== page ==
Year 1 class contact time is typically 12 to 15 hours per week plus individual tutorial and independent study.

Percentage of time spent in different learning activities  
Time spent in lectures, seminars and practical study       Self-directed learning      
Year 1 20% 80%
Year 2 22% 78%
Year 3 14% 86%


We use a range of assessment methods, and train you in these methods as you advance through your studies. The methods used are:

  • Essays
  • Practical reports
  • Unseen exams
  • Multiple choice questions
  • Scenario-based reports
  • Case studies
  • Posters
  • Executive reports
  • Portfolios
  • Group work folders


Our impressive research record (over 90% of our publications were rated at the 'international' level in RAE 2008) means that teaching is informed by current, cutting-edge research, and because we have a focus on applied research, you can apply your learning to real world settings.


We aim to support you throughout your studies in many ways. We provide one-to-one support via our professional tutoring system. Your tutor will help you understand coursework

Entry requirements

2018 entry

  • A Level BBB or;
  • BTEC National Diploma DMM or;
  • Access to Science with 24 Distinctions and 21 Merits or;
  • Equivalent level 3 qualifications worth 120 UCAS points
  • Applicants must hold 5 GCSEs A-C including Maths and English or equivalent (reformed GCSEs grade 4 or above).
  • We welcome qualifications from around the world. English language qualifications for international students: IELTS score of 6.0 or Cambridge Proficiency or Advanced Grade C.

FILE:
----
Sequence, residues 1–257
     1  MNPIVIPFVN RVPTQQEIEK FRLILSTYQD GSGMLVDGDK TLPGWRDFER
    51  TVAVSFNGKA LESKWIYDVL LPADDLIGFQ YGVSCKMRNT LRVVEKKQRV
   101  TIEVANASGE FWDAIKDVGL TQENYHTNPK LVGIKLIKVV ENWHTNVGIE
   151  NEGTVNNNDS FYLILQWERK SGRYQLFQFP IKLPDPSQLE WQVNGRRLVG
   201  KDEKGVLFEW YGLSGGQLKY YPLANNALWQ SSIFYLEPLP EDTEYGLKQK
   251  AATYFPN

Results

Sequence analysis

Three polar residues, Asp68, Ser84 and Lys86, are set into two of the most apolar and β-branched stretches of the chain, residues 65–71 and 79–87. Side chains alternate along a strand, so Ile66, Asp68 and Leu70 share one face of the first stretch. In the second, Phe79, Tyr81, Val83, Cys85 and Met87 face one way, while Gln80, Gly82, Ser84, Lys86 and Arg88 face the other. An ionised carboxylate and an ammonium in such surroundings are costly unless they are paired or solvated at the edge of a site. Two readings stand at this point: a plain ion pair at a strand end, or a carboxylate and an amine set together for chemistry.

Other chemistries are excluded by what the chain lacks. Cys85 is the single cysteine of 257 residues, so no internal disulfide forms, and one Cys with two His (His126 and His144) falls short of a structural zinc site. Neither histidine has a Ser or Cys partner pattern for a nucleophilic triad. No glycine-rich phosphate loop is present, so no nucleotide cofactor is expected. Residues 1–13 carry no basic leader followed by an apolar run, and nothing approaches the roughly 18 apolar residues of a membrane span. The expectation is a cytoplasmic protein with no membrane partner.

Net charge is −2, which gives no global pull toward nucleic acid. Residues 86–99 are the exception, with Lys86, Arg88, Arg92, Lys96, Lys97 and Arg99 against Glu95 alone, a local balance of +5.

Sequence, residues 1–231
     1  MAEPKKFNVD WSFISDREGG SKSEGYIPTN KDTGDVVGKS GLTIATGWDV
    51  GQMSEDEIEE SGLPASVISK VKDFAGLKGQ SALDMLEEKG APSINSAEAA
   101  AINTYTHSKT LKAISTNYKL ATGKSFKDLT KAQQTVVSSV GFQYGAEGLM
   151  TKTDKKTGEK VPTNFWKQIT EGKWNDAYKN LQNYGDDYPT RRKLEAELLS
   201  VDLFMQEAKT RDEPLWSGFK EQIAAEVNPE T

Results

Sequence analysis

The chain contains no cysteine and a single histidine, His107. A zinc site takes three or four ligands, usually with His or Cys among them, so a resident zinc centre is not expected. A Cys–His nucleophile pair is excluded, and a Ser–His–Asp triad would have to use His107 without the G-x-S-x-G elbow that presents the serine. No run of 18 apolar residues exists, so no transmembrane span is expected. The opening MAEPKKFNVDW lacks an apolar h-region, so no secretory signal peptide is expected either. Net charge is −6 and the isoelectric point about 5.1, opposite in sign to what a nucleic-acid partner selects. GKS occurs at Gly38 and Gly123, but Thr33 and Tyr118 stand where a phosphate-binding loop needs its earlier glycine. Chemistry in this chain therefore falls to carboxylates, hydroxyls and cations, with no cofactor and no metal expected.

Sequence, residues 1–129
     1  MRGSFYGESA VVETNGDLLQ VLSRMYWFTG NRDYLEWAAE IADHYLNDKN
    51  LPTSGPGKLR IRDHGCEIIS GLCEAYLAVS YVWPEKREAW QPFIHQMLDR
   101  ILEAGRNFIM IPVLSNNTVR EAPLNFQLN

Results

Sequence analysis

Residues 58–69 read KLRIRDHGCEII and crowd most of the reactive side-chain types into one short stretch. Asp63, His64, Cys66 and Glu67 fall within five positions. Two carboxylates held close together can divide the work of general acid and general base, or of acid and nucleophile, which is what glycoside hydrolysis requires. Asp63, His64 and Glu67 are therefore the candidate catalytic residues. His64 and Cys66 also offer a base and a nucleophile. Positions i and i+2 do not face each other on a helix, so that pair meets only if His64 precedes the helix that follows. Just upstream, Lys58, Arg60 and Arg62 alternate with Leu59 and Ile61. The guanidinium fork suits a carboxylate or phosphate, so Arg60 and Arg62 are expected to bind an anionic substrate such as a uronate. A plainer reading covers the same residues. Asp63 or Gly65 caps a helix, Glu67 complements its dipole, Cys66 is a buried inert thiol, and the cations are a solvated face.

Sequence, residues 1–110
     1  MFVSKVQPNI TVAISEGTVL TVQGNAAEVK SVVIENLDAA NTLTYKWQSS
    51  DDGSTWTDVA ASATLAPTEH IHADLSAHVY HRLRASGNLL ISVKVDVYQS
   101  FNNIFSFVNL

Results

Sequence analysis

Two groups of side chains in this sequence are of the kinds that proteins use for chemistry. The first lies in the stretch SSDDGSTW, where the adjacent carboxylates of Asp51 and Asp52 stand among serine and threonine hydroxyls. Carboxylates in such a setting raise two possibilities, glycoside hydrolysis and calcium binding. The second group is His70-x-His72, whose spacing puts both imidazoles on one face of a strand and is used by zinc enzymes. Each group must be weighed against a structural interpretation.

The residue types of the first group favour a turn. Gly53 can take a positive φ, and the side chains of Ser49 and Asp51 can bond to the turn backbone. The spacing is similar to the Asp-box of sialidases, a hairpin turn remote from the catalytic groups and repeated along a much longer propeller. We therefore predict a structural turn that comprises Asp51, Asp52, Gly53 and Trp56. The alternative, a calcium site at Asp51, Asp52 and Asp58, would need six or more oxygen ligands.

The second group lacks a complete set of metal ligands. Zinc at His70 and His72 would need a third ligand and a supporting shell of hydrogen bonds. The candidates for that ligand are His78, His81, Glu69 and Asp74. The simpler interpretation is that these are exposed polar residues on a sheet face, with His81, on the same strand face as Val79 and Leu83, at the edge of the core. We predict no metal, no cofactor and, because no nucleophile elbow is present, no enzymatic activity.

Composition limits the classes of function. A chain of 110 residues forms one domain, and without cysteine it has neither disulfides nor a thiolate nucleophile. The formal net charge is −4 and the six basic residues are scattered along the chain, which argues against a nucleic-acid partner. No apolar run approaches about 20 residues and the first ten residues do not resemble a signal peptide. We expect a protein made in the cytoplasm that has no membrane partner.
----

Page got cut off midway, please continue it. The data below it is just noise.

How to apply

International (non Home/EU) applicants should follow our international how to apply guide.

Instructions for Home/EU applicants
Mode Duration Start date Application code Application method
3 years
Start date
Application code
Application method
4.5 and 6 years
Start date
Application code
Application method

All full-time undergraduate students apply to the Universities and Colleges Admissions Service (UCAS) using the University's Institution Code L75. Full details of how to do this are supplied on our How to apply webpage for undergraduate students.

All part-time students should apply directly to London South Bank University and full details of how to do this are given on our undergraduate How to apply webpage.


Students should apply for accommodation at London South Bank University (LSBU) as soon as possible, once we have made an offer of a place on one of our academic courses. Read more about applying for accommodation at LSBU.


It's a good idea to think about how you'll pay university tuition and maintenance costs while you're still applying for a place to study. Remember – you don't need to wait for a confirmed place on a course to start applying for student finance. Read how to pay your fees as an undergraduate student.

Fees and funding

Fees are shown for new entrants to courses, for each individual year of a course, together with the total fee for all the years of a course. Continuing LSBU students should refer to the Finance section of our student portal, MyLSBU. Queries regarding fees should be directed to the Fees and Bursary Team on: +44 (0)20 7815 6181.

The fee shown is for entry 2017/18.
UK/EU fee: £9250International fee: £12500
AOS/LSBU code: 4889Session code: 1FS00
Total course fee:
UK/EU £27750
International £37500
The fee shown is for entry 2017/18.
UK/EU fee: £5550International fee: £7500
AOS/LSBU code: 4890Session code: 1PS00
Total course fee:
UK/EU £27750
International £37500

For more information, including how and when to pay, see our fees and funding section for undergraduate students.

Possible fee changes